lina bo bardi
Architect Lina Bo Bardi. Photo: Disclosure
lina bo bardi
Architect Lina Bo Bardi. Photo: Disclosure

Aauthor of famous projects such as the São Paulo Art Museum (MASP), Sesc Pompeia, Teatro Oficina (alongside Edson Elito) and Casa de Vidro in São Paulo, the renovation of Solar do Unhão (currently MAMBA), Casa do Benin and Coaty's restaurant in Salvador, Lina Bo Bardi (1914-1992) has just been announced the big winner of the Golden Lion at the 17th Venice Architecture Biennale. The award comes to crown the growing recognition of Lina's work, which took place more intensely after her death than in her years of acting.

Lina was also a designer (she created classic pieces such as the Bardi's Bowl, the tripod chair and the Girafinha chair), curator of exhibitions, a great draftsman and creator of innovative exhibition projects (hers are the MASP glass easels). More than that, she was an original and radical thinker, who founded magazines and wrote texts throughout her life. The prize in Venice was recommended by curator Hashim Sarkis and later approved by the Board of Directors.

lina bo bardi
Sesc Pompeia, Sao Paulo. Architect Lina Bo Bardi. Photo: Disclosure [Marcelo Ferraz Collection]

In a text published by the Bienal, Sarkis states: “If there is an architect who most adequately incorporates the theme of the Biennale Architettura 2021, this architect is Lina Bo Bardi. Her career as a designer, editor, curator and activist reminds us of the architect's role as an organizer and, more importantly, as a builder of collective visions. Lina Bo Bardi also exemplifies the architect's perseverance in difficult times, whether wars, political conflicts or migration, and her ability to remain creative, generous and optimistic throughout the process. […] Above all, it is its thriving buildings that stand out in terms of design and the way they unite architecture, nature, life and community. In her hands, architecture truly becomes a social art that summons people.”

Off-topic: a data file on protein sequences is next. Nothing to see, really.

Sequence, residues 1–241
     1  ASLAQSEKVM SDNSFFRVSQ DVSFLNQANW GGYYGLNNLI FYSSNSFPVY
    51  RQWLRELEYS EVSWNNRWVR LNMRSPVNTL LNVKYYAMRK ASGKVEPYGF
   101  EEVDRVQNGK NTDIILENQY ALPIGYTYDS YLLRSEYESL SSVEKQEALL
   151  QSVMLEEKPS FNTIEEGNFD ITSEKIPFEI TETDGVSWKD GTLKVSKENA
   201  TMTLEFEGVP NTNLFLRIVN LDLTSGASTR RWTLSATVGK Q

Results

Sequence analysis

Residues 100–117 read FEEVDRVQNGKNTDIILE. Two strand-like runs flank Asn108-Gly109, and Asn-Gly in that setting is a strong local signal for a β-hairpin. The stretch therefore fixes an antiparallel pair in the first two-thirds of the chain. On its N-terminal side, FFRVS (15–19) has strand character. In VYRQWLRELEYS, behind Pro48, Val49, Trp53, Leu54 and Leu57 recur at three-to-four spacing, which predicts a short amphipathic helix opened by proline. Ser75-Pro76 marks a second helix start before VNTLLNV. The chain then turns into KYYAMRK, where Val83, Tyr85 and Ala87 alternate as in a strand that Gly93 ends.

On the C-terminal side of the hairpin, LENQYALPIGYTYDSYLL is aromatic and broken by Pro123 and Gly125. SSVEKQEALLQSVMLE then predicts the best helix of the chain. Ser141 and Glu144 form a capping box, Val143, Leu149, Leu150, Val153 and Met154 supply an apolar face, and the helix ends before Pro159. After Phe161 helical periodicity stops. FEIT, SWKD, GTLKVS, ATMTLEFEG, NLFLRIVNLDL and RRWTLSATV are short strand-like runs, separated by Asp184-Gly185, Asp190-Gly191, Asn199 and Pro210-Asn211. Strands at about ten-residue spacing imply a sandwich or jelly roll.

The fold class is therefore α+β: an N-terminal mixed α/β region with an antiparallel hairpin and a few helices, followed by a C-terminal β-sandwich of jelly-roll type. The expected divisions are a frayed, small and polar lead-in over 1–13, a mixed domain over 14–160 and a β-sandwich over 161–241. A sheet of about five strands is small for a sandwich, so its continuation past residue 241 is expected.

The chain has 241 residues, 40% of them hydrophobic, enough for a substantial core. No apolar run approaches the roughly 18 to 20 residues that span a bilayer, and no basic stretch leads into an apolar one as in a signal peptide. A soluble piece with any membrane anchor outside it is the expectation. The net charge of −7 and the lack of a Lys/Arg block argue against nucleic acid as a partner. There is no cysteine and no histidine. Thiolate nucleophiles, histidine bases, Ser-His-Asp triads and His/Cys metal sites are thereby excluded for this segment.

Despite being born in Rome (Italy) and arriving in Brazil only in 1946, the architect chose the South American country as her homeland. As she herself wrote: “I naturalized Brazilian. When we are born, we don't choose anything, we are born by chance. I wasn't born here, I chose this place to live. That's why Brazil is my country twice, and I feel like a citizen of all cities, from Cariri to the Triângulo Mineiro, to cities in the interior and on the border”. Despite this passion and dedication, she did not stop experiencing a series of adversities and defeats in her Brazilian trajectory, contrary to what is imagined today, in times of glorification of her work and figure.

lina bo bardi
The MASP in Lina's drawing. Photo: reproduction

In an article published on the page Other words by this reporter who writes here, in 2014 (Lina’s centenary), some of the reasons for these clashes were raised: “And if it is difficult to accurately explain the reasons for so many adversities – which include the most obvious facts of being a woman in a society chauvinist, being a “foreigner” in times of nationalism or even being married to a controversial subject, such as Pietro Maria Bardi – there is something remarkable about the architect that relates to most of her failures and successes: Lina did not follow patterns, models ready-to-wear and fads, he never chose the easy paths and did not hesitate to experiment, subvert and go against hegemonic discourses in politics or culture. Without fitting in – even within modernism or the left – she made architecture her weapon for transforming the world into a more egalitarian and 'human' place. She annoyed and for that she paid prices, but she left, in the end, a valuable legacy for architecture and for the country”.

Lina built without pre-defined formal rules, which is why she never fit into any architectural school like the one in São Paulo or Rio de Janeiro. This was not something free, but part of a conception that the architect must understand the social and human contexts of each place in order to design. For Lina, each case was different, and architecture should have the human being as its protagonist, not space, as she once said.

Two other excerpts from the article in Other Words help to exemplify his thinking. In the words of the architect André Vainer, his collaborator for many years, “Lina represents a type of architecture that has a very strong backing with reality, which is rare nowadays. She always worked from ideas that were not about architecture, but about human relationships, society, justice between men and behavior”. For Zeuler Lima, professor at Washington University in Saint Louis (USA) and author of a book on the architect: “Lina had great idealism. And this is different from utopia, because it was an idealism of thinking not about the impossible, but about the possible. To think about a better future not abstractly, but in what exists, in the here and now. She was an extremely generous person with architecture, with the idea that architecture has a purpose and that it has to be social, human”, he concludes.

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